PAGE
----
What's next for climate change?
Aunt Ruth is still a little giddy from last week’s election. The stupid smile just won’t go away. Et tu?
Just when she thought she was too old to have a morning-after epiphany ever again, along came November 7: Proposition 30 won; binders full of women are heading to the U.S. Senate; gay marriage was voted go in three states and marijuana legal in two. The electoral power of the Latino voter is irrefutable. And Mitt Romney, the inimitable Capt. Etch A Sketch, is going back to where he belongs—no, not the 1950s but back into the private sector.
Proposition 37gave it a good shot.
And, as best as Aunt Ruth can recall, President Barack Obama mentioned climate change for the first time in the entire presidential campaign: “We want our children to live in an America that isn't burdened by debt, that isn't weakened by inequality, that isn't threatened by the destructive power of a warming planet.”
Had Obama made first mention of climate change in his concession—rather than acceptance—speech, it would have been worse than far too little, far too late. It would have been far, far too sad.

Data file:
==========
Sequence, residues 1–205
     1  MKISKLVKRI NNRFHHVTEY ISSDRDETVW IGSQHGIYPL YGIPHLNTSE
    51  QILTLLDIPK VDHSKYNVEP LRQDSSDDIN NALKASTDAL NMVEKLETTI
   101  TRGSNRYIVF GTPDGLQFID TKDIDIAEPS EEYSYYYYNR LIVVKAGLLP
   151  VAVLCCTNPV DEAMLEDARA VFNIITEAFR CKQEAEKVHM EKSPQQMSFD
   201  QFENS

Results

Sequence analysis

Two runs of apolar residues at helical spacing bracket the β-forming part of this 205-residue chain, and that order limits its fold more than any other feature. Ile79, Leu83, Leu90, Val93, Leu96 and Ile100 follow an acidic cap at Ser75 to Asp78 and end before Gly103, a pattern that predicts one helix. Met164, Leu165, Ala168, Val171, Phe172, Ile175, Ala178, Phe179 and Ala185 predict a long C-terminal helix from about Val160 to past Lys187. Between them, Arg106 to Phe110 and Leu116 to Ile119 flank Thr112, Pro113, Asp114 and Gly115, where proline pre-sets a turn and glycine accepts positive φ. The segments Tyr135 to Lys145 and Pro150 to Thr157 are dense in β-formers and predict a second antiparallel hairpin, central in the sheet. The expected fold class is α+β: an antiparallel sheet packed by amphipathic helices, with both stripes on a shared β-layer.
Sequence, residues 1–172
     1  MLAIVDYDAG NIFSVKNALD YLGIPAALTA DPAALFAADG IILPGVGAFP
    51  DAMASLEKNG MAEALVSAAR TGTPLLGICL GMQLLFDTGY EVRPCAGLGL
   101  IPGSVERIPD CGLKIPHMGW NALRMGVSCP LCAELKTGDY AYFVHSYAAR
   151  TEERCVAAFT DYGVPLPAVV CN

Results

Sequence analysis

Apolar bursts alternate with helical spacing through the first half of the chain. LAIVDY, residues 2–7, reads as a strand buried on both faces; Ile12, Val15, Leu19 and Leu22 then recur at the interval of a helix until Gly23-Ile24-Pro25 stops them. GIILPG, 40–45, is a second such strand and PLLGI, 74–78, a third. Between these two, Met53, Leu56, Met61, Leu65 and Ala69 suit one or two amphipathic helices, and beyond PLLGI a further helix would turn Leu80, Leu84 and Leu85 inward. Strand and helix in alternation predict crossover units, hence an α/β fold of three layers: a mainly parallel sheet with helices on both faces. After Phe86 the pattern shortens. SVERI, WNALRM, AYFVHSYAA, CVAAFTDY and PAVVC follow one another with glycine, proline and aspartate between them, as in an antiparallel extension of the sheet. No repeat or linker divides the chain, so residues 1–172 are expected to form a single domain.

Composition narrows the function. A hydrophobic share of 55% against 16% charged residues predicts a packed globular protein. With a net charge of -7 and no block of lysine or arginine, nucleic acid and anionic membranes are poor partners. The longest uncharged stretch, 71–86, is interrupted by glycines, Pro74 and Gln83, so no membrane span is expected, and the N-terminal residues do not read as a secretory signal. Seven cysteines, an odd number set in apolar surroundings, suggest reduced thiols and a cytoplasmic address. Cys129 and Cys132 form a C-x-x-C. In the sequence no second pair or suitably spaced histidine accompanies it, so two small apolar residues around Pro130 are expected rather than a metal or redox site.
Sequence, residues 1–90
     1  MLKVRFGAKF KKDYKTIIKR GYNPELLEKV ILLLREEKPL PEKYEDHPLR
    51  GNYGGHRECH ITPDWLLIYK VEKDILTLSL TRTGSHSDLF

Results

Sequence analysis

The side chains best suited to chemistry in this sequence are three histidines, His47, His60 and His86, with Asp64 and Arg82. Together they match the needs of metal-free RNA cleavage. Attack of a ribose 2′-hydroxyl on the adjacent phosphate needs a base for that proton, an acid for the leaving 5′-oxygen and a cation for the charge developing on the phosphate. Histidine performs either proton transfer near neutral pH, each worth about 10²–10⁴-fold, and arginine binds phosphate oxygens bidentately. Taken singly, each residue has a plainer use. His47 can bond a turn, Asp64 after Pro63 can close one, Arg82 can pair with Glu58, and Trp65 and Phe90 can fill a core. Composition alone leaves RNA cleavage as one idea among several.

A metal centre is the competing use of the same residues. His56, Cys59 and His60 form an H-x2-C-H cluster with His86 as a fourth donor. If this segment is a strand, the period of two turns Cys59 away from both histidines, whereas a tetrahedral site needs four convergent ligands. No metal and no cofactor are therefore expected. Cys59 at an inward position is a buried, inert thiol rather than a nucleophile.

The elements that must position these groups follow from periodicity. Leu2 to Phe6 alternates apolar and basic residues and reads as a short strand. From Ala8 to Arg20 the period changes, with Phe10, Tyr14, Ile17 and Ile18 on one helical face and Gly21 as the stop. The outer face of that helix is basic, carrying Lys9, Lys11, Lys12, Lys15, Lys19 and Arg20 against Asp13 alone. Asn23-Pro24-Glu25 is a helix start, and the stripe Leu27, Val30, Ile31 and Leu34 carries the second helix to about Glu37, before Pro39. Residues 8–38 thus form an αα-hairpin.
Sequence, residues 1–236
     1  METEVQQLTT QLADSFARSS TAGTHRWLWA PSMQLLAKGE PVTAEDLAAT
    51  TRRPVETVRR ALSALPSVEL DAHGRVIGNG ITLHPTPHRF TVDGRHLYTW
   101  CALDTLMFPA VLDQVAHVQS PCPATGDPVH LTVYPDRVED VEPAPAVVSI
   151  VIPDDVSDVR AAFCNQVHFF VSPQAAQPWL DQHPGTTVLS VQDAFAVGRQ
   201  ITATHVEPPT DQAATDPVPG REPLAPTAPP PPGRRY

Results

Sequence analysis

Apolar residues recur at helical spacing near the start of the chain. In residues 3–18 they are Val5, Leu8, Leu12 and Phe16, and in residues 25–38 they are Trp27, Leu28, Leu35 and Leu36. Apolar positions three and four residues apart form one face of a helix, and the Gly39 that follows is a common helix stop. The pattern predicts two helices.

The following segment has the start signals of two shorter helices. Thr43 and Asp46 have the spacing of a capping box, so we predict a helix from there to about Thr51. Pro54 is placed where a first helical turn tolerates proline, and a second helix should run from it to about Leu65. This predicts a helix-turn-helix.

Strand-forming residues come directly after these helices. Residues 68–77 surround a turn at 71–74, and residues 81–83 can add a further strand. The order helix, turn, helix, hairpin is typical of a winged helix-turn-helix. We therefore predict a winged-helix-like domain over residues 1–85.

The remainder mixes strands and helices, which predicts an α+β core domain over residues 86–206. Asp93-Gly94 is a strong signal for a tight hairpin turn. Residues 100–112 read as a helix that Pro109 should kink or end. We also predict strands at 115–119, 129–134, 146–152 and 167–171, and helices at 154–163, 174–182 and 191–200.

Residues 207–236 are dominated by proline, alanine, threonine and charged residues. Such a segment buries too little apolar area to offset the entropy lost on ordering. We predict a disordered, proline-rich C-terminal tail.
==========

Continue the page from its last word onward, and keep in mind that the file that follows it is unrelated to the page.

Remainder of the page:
Today, we'll have to settle for far too late. Not that there weren't notable victories achieved by his administration, largely through the Environmental Protection Agency, but for Ruthie, it's like this: No more Mr. Nice Chick; no more nice eco-girl next door. That was so last term.
Political reality dictated Obama neglect climate change to get re-elected—and nobody can quarrel his strategy—but the scientific reality is beet-red clear: It is the defining issue of our era. Focused effort must be paid, whatever the economic, political and cultural consequences. And it can’t wait any longer.
Kathryn Phillips, director of Sierra Club California, told Ruth in an email that the right wing of Congress is more the culprit, and that we should lean on the Washington, D.C., offices of local Congressional deniers (U.S. Reps. Tom McClintock and—should the skies fall—Dan Lungren) that the press be challenged when climate change is denied, and that dousing Obama in mail on the subject is the right tact, given the isolation of the office. All good points.
But Auntie Ruth imagines we have not seen the last of eco-activist arrests in front of the White House.
He's family, he's our president. It's going to be a family squabble—something we lefties do real well. That he will be hamstrung on the right can't matter anymore.
Congratulations on an amazing victory, Mr. President. Now, let's get on with it.